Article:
             Permit Consultant: $90.00 per hour–Tom Havstad is THE man!

             Surveyor- Based on land size, terrain, and difficulty in finding markers. A 2 person team at $200-$225/hour.  Phase One toxic inspection $2,000 to $3,000 depending on site complexities. Hogan and Associates are 2nd generation surveyors.

Remember; allow yourself TIME to do your inspections. Many of these consultants are a week or two OUT and reports may take a week or two to process. Consult with your Realtor and the listing agent for how much time is available for reports. Caveat: if you DON’T buy the home you STILL must pay the costs of the reports or have prior negotiated costs with the Seller. Let‘s explore these reports and what they cover:

Septic System:  Your inspector must be qualified so I would recommend seeking out an inspector who is  R.E.H.S (Registered Environmental Health Specialist) and has experience in OUR area to inspect the septic system. Septic inspection requires tank pumping (within the last 2 years) of effluent prior to inspection. Your inspector will examine if the system is filed at the Permit Resource Management Division of Sonoma County (PRMD). You, the buyer or seller, can search your property permit “history” by going to http://prmd.sonoma-county.org/ and entering the property address or “parcel number” or “AP#”. Our property listings have the “AP#” on the MLS print out which your Realtor can provide to you.

A qualified septic system inspector will also go to the PRMD seeking a site plan in the PRMD property file.  The inspector needs to know WHERE to look for the system.  If a site plan is not on file he will be “probing” for tank and leach lines which may increase the inspection fee.  Areas of concern; failing leach lines, cracked or damaged septic tanks and water table areas where water intrusion can fail a system.. Your inspector does an internal investigation of the tank to make sure both “baffles” are working properly. The baffles control flow to and from the tank to the leach lines. Leach lines will disperse the sewage effluent to the field. A cracked tank will mean a NEW tank—a costly discovery. Septic Systems are a “finite” system. The older the property the more prone to failure or repair.  Erma Bombeck’s great book, “The grass is always greener over the septic system” refers to a system in distress!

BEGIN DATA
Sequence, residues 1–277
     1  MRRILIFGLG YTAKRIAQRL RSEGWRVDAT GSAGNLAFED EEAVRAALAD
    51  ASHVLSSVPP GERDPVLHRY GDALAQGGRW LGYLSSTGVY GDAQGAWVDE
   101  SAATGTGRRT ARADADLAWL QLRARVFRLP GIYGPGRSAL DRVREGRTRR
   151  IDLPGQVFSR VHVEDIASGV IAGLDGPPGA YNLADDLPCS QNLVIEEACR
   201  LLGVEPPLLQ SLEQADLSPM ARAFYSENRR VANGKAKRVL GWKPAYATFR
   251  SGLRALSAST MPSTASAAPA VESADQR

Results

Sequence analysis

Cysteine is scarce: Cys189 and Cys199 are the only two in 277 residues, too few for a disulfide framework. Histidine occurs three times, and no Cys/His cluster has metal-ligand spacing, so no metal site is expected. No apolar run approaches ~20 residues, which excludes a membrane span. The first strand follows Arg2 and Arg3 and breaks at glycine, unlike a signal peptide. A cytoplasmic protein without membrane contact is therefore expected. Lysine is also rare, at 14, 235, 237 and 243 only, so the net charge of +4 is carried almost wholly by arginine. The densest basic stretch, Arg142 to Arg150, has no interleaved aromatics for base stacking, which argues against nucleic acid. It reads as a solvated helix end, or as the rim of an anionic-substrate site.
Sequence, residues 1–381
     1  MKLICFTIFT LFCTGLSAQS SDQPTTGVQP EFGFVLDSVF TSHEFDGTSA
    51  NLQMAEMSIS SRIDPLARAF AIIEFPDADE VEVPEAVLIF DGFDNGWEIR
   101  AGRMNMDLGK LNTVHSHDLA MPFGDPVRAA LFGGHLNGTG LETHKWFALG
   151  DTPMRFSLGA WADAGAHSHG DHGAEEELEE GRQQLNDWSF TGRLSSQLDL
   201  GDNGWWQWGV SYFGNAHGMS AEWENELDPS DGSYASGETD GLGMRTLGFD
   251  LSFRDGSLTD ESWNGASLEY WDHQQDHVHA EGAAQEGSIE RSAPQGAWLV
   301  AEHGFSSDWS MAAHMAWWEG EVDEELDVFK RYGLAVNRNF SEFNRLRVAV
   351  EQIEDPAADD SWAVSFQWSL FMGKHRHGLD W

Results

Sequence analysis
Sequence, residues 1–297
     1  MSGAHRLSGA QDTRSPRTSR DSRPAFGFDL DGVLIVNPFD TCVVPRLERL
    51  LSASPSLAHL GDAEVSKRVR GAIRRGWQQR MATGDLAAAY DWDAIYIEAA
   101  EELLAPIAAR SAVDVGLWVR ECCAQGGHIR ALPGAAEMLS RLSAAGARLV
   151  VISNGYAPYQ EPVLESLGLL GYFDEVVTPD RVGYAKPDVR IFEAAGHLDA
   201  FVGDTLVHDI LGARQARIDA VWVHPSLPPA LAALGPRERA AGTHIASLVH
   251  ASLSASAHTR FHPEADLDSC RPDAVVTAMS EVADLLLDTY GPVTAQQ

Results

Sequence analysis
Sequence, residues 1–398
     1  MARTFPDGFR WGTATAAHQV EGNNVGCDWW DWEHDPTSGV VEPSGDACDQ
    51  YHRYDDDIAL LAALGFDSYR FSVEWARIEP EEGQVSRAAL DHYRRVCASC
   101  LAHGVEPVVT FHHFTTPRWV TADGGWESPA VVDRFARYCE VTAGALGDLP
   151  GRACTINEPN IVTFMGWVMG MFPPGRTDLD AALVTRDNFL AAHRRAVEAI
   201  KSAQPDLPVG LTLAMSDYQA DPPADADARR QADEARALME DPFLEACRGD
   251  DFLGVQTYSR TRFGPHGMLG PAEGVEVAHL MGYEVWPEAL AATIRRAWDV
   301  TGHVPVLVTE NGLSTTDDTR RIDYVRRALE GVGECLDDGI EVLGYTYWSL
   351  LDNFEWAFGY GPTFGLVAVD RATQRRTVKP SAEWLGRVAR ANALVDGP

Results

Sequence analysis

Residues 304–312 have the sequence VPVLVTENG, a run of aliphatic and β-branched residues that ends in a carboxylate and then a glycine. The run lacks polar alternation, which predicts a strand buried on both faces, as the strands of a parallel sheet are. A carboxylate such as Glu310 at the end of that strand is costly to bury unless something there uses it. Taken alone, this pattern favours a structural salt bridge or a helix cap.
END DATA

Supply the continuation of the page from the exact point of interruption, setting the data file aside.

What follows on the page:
Well Report: Your inspector will do a very thorough report on the Water production of your well as well as a system inspection. You’ll learn the gallons per minute or GPM of your well, TYPE of pump you have, how much water is being used when the system is pumping, plus water testing for Bacteria, E.Coli, Arsenic, Nitrates, etc in the water. You can test water further for lead, pesticide scan and toxics. All reports? Expect to pay $550.00.

Remember, Sonoma County agricultural was THE economy for years.  Many chemicals were used in the “old” days without the best standard of care. DDT, old underground oil or gas storage tanks plus many other chemicals now banned still reside in soils throughout the county at various levels. I’ve seen high deposits of residue DDT to a worker wearing tennis shoes having them melt underfoot from an old battery acid deposit site! And while Petaluma was the “chicken capital” of the U.S. for years it also left a “nitrate” belt of contaminated ground water. Talk to your Realtor and please do your homework!